Birds and Blooms Blog

Get the latest birding and gardening tips from our expert bloggers.

Container Garden Soil Toppers

Jill Staake

Looking for an easy way to make your container garden more interesting? Consider adding some soil toppers around the base of your plant. This is especially effective for plants where the soil is exposed, like with my amaryllis bulbs shown below. These soil toppers will also help keep your soil moist longer, and can prevent curious house pets from digging around in your dirt.

Container Garden Soil Toppers

I used small pebbles and shells collected from local beaches in my pots, but there are plenty of options. Just remember to pile the toppers no more than half an inch to an inch thick, so you can still stick your finger down into the soil to check to see if it needs to be watered. Also make sure that the toppers you choose won’t leach any damaging chemicals into your soil, and give anything you choose a good rinse in a colander before adding them to your container garden. Here are some other soil toppers to try:

  • Spanish moss
  • Aquarium gravel
  • Glass or plastic gems
  • Sand
  • Marble chips
  • River rocks
  • Beads
  • Corks
  • Crushed shells
  • Wood chips

Container Garden Soil Toppers

Need help choosing a container for your plants? Try this handy chart!

Q&A with Vegetabowls

Cantaloupe-shaped bowl molded from a real cantaloupe.  (Find out how you can get your own here.)

Cantaloupe-shaped bowl molded from a real cantaloupe. (Find out how you can get your own here.)

Ever wanted to make the vegetable garden a more permanent fixture in your dining room? The team behind Vegetabowls has been doing exactly that with their cute veggie-shaped bowls and mugs. We fell in love with their quirky take on dishware and recently featured Vegetabowls in the May issue of Birds & Blooms Extra.

One half of the Vegetabowls duo, Melanie Mckenney, agreed to share the story and process behind these fun, veggie-inspired creations. Read to the end to find out how you can get a 15% discount on your next Vegetabowls order!

Birds & Blooms: Tell us a little bit about yourselves.

Melanie: Justin, a native of Marblehead, Massachusetts, and I, a true Buffalonian, met while teaching at a public access glass art studio in Boston. Early on in our relationship, we individually pursued our own artwork while working for other artists in the greater Boston area. But occasionally we were given opportunities to work on commissioned projects together. These projects became the foundation of us working together as a team and ultimately led to us co-founding our company, Vegetabowls, in 2010 (also the same year we got married).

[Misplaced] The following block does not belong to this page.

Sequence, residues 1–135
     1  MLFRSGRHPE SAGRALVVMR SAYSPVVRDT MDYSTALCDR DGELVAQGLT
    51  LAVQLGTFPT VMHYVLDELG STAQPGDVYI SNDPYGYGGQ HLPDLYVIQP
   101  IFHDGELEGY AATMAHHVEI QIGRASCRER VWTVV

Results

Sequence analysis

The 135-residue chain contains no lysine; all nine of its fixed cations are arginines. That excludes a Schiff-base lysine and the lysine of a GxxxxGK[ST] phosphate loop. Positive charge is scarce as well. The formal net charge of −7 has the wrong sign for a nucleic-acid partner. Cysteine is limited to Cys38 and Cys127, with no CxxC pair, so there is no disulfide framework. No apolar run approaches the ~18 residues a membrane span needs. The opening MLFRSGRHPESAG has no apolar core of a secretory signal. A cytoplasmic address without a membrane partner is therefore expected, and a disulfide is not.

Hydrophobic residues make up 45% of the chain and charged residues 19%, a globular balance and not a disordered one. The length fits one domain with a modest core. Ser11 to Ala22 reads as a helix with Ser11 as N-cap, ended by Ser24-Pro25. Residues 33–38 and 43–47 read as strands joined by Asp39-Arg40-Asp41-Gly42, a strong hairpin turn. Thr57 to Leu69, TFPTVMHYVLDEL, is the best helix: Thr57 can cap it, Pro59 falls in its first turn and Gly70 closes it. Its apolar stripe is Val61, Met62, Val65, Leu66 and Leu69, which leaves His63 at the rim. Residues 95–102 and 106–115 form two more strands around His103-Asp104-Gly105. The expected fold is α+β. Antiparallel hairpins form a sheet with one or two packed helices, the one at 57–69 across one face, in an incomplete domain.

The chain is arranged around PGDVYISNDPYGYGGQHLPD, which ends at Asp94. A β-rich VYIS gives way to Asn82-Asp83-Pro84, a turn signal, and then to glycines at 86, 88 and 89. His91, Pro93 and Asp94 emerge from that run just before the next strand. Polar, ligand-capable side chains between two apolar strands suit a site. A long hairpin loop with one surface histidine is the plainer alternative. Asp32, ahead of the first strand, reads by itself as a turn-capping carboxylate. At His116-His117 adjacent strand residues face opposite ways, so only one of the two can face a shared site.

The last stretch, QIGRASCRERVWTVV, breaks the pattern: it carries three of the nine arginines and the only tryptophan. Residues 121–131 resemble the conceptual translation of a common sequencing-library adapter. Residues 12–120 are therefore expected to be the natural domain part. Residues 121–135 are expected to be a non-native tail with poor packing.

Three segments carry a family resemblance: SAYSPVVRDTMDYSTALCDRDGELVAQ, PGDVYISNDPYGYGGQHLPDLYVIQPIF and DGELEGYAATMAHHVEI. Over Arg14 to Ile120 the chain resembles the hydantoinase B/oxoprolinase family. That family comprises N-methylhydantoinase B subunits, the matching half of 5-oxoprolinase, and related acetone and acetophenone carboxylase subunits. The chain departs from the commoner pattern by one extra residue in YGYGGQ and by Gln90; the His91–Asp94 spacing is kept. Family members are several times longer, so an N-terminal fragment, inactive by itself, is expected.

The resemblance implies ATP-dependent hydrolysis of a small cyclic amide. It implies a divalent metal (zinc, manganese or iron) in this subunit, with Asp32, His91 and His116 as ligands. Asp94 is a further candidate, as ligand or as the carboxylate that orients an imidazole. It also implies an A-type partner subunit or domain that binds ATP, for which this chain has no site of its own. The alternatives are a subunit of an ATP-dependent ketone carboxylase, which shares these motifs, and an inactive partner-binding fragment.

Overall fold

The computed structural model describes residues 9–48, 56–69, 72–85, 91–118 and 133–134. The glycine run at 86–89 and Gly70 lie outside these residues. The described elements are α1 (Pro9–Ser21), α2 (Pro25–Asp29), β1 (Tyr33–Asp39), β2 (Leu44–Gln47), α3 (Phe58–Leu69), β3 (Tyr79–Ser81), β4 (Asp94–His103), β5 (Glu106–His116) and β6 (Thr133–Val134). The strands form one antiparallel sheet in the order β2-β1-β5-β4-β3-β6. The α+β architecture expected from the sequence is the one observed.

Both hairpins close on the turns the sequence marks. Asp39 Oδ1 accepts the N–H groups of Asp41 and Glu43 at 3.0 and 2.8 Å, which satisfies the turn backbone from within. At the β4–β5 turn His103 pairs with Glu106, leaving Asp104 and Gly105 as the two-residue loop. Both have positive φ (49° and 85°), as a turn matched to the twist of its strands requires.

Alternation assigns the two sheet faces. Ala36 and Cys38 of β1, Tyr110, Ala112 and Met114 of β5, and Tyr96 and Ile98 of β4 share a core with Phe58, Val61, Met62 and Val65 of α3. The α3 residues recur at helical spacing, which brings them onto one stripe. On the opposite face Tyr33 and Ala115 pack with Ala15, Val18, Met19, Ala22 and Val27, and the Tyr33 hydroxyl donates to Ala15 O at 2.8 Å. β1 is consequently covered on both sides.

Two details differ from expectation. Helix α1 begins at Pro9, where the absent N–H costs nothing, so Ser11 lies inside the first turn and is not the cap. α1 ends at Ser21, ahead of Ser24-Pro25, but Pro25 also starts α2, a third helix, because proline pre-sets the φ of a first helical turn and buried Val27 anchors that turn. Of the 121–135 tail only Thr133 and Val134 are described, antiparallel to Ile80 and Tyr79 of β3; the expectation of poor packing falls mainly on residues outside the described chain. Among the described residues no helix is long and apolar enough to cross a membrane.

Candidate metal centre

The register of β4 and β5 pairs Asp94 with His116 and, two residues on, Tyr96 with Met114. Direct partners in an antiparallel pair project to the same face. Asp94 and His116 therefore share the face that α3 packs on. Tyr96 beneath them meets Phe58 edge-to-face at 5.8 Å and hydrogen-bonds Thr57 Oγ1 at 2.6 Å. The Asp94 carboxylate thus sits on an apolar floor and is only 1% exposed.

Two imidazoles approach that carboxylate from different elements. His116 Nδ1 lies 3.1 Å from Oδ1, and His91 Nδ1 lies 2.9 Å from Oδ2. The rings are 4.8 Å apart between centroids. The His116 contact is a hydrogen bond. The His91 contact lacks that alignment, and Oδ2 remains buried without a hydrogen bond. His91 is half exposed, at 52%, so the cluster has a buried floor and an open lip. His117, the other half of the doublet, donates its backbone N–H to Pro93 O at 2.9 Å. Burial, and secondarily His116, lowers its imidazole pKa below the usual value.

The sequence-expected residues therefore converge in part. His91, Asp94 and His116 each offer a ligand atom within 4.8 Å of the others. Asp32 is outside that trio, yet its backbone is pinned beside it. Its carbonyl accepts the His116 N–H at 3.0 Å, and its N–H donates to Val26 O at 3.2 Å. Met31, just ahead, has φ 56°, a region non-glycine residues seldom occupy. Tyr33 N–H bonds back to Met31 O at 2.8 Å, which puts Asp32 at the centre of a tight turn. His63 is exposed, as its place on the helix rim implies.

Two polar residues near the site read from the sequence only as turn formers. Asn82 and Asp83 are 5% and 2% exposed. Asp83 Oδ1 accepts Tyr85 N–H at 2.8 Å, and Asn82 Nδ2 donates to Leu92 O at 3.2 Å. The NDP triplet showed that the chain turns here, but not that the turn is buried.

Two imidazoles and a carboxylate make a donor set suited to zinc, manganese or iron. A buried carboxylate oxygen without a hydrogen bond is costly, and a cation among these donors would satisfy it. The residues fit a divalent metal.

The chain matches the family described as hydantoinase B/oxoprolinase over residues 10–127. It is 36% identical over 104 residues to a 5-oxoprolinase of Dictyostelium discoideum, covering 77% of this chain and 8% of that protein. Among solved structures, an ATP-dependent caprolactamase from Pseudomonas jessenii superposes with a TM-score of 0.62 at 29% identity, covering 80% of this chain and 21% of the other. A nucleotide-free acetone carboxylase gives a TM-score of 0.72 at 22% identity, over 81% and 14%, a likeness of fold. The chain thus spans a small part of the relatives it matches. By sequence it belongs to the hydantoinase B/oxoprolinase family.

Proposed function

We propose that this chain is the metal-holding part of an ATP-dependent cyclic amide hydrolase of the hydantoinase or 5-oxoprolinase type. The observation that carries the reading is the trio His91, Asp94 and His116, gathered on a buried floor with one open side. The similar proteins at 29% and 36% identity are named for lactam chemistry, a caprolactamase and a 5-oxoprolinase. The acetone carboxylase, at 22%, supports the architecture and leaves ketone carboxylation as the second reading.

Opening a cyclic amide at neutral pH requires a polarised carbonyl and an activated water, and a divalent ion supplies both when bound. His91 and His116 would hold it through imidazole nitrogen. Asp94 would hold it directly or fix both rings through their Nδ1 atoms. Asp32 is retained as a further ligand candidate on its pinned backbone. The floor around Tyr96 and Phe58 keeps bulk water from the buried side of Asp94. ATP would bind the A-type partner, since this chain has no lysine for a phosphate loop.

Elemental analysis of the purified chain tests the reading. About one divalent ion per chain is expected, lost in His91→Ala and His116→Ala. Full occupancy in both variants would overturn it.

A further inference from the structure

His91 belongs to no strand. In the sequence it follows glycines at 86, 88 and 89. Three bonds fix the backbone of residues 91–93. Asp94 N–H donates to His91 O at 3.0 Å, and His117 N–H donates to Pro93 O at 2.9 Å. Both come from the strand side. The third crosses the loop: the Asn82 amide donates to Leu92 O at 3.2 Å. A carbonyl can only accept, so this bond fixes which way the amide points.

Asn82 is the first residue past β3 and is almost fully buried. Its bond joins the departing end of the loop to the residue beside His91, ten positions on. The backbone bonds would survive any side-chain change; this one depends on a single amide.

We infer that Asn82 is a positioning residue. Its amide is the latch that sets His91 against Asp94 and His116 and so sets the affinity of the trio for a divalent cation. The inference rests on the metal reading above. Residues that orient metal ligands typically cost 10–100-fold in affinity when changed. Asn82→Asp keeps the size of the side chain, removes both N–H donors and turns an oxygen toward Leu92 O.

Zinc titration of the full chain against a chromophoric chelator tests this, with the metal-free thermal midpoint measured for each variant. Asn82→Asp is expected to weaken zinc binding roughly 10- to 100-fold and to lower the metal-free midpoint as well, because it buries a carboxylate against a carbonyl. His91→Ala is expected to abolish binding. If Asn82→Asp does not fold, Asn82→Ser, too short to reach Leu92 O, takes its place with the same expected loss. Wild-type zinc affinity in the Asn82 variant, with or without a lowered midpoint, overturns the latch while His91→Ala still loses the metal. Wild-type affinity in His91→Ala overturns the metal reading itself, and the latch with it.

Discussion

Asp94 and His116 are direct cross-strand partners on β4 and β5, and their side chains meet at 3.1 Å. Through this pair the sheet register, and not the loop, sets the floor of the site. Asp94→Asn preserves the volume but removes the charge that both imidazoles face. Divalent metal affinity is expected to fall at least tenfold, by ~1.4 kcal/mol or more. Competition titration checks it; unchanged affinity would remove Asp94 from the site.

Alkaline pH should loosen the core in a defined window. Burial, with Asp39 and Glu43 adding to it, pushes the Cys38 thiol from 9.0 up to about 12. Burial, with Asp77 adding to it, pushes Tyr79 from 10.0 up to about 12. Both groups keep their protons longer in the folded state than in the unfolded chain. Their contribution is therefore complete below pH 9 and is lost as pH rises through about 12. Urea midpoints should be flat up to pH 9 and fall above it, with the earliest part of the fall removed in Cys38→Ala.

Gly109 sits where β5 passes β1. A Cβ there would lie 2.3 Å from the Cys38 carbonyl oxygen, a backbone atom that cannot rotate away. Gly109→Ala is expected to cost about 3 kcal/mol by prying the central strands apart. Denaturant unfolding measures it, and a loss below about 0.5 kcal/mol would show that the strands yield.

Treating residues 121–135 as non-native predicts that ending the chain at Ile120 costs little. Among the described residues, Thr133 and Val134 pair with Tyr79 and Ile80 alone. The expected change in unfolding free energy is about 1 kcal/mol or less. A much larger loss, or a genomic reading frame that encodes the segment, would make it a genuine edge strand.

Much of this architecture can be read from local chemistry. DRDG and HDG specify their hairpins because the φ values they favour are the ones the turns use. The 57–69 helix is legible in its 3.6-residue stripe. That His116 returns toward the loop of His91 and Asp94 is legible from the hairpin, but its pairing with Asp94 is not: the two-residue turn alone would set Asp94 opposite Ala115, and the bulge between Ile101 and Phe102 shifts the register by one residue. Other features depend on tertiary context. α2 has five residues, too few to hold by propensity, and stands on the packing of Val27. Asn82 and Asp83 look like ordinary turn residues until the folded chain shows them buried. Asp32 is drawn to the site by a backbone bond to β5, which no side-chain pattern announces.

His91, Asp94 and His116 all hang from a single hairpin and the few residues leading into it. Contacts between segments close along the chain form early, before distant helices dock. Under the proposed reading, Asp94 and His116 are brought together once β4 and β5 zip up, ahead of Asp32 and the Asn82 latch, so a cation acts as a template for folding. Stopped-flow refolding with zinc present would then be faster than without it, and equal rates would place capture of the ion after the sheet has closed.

B&B: How did you get started making Vegetabowls? Where did the idea and the name come from? (We love the play on words, by the way!)

Melanie: The idea came about during a ceramics class I was teaching. I used a cantaloupe to demonstrate the use of plaster molds to capture texture in clay. I finished the cantaloupe bowl and brought it home to use. Justin immediately saw the potential in the bowl to create a whole line of fruits and vegetable bowls. The next thing he said was, “Vegetabowls!” Since then we have expanded the line to over 20 different designs, and we are always adding more!

B&B: What’s the process like to make one Vegetabowl?

Melanie: The process to make a Vegetabowl begins with choosing the right fruit or vegetable from our garden or local farmers market. We then make a plaster mold directly from the veggie. Once the mold is set, we remove the actual veggie and allow the mold to dry. We are then able to pour liquid clay into the mold, which picks up the texture from the mold. Once the clay is dry, we remove it from the mold and trim and wipe it by hand. It is then fired in the kiln, glazed by hand, and fired in the kiln again to make it food safe.

B&B: Do you do a lot of gardening, then? (Non-pottery vegetables, of course!)

Melanie: In the warmer months, we do have a small vegetable garden at our house, which we are hoping to expand this year. We also harvest from my mother’s large garden and visit the local farmers market often!

B&B: Do you have any future Vegetabowls creations in mind?

Melanie: With the wide variety of fruits and veggies out there, we are constantly inspired to create new designs or improve on our current ones. Right now, we are working on offering complete dinner sets and refining our citrus set to be the perfect addition to any cocktail party!

Head over to or and use the coupon code “blooms” for a 15% discount on your next Vegetabowls order! Coupon code expires 6/1/15.

When Will Baltimore Orioles Arrive?

Rob Ripma

I’ve been getting many questions recently about when Baltimore Orioles will be arriving in certain areas of the country and when everyone should start putting out their oriole feeder to try to attract this beautiful bird to their backyards. This can be a tricky question to answer, as it depends on how migration progresses throughout the spring, but I can offer you the resources for you to keep track of migration so that you can see when the orioles will be arriving near you.

When Will Baltimore Orioles Arrive?

Are you hoping to attract one of these beautiful Baltimore Orioles to your yard this year?

As I’ve mentioned in previous posts, eBird offers you the chance to see where birds are being reported. This allows you to see the most recent reports and to track where birds are moving if you check back frequently.

When Will Baltimore Orioles Arrive?

You can see that Baltimore Orioles are being seen in the Southeast as well as up most of the East Coast.

Use this link to see the interactive map for Baltimore Orioles. Check back frequently for new reports and put out your oriole feeders when the reports start to approach your area! For tips and tricks to help attract orioles, check out this awesome article!

Attract Indigo Buntings with White Proso Millet

Jill Staake